Doctor Who and The Importance Of Elizabeth Sladen

Actress Elizabeth Sladen, best known as Doctor Who companion Sarah Jane Smith from 1973 to 1976, has died of cancer today. She was previously filming what would be the fifth series of her Doctor Who spin-off The Sarah Jane Adventures when she had taken ill and filming had to be postponed. She lead an amazing life as an actress: she not only starred in a hit television series, but she was brought back to that series decades later with her own show to boot along side it.
In the fandom of Doctor Who,one of common threads of controversy (and comedy) is who was the greatest actor to play The Doctor. A not-so-common, and perhaps harder to pin-point. is who was the best Doctor/Companion in the show's history. Since I lived some of the original series and also the new series, this is always a bit of a challenge for me. Also problematic for me to choose is the fact that many of the episodes completing the show's history have yet to be released on DVD or are currently missing.
Yet, if you were to sit me down and ask me off-hand, I would probably saw the combination of Elizabeth Sladen and Tom Baker was the best the show ever had. Although Sladen had started out in the later-half of the Jon Pertwee era, she grew into her own when Baker joined the show. He was a maniac, but loveable and she was the Doctor's aggressive yet feminine sidekick.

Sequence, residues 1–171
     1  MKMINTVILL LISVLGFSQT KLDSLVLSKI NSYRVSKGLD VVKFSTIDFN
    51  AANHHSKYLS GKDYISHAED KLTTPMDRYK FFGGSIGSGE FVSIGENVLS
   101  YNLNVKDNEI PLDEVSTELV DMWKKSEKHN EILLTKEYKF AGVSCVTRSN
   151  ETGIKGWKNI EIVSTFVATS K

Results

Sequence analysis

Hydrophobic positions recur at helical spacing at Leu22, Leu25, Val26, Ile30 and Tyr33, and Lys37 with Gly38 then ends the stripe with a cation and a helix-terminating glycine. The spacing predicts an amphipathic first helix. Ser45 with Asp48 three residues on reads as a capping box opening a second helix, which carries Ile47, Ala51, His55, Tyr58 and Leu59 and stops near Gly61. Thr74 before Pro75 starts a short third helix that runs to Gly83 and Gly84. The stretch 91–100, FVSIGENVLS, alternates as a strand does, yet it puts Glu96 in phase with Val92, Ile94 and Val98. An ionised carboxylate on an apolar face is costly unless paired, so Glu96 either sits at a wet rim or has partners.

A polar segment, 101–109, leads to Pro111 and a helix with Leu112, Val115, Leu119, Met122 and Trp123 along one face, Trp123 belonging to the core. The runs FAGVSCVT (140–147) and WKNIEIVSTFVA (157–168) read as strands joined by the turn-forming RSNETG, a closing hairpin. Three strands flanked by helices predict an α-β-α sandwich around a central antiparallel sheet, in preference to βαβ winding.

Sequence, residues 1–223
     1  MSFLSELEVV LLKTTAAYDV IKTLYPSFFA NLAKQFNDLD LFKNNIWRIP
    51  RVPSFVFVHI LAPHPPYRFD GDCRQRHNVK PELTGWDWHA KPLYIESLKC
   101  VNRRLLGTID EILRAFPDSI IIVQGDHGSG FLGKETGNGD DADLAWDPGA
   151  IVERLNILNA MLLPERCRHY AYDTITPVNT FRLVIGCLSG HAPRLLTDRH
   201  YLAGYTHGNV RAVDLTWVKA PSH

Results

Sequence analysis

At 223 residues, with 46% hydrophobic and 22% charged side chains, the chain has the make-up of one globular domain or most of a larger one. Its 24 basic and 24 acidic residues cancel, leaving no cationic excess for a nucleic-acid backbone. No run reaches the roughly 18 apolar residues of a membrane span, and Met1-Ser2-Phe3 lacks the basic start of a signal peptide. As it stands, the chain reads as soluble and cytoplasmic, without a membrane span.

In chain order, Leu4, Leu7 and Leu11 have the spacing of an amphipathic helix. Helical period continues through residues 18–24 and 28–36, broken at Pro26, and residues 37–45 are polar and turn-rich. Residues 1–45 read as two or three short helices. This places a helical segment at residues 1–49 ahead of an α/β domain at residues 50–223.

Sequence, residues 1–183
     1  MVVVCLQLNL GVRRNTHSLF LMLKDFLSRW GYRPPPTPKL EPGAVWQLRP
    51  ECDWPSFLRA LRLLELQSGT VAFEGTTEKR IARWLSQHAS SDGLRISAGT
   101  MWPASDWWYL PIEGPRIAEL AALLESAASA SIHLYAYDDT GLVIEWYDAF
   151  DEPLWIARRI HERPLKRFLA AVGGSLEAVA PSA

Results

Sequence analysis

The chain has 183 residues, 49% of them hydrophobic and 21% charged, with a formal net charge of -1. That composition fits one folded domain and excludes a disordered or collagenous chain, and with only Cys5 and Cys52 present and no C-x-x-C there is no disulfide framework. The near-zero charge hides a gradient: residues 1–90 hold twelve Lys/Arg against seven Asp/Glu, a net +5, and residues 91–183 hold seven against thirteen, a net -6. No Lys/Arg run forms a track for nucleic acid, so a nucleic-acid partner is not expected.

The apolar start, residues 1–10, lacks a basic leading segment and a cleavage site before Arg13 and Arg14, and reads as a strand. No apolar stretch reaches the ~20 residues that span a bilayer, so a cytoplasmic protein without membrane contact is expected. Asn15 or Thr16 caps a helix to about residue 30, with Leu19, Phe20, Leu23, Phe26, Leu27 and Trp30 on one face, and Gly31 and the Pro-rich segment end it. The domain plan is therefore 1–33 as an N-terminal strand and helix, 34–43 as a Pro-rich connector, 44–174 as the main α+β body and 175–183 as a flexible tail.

The writers in the classic series loved their chemistry, but they never made them an official couple. It was an unrequited love, one that you often had to sneak in small waves without the overcooked melancholy that perhaps the new series has too much of. Then again, this is a newer generation with newer expectations for the show than that of the previous generation.
However much the dynamic of the Doctor/Companion relationship has changed, Elizabeth Sladen's contribution to the series was the inspired turning point in the show's history. The companion now is no longer just a walking and talking exposition point, but an actual human character that the audience could connect with. After all, science fiction is nothing without the human element.


In tribute, I play two clips.

The first is that of Elizabeth Sladen and Tom Baker's final scene together in her final adventure "The Hand Of Fear". The second is a video compilation of their time together (and of Sladen's time with Pertwee a bit).


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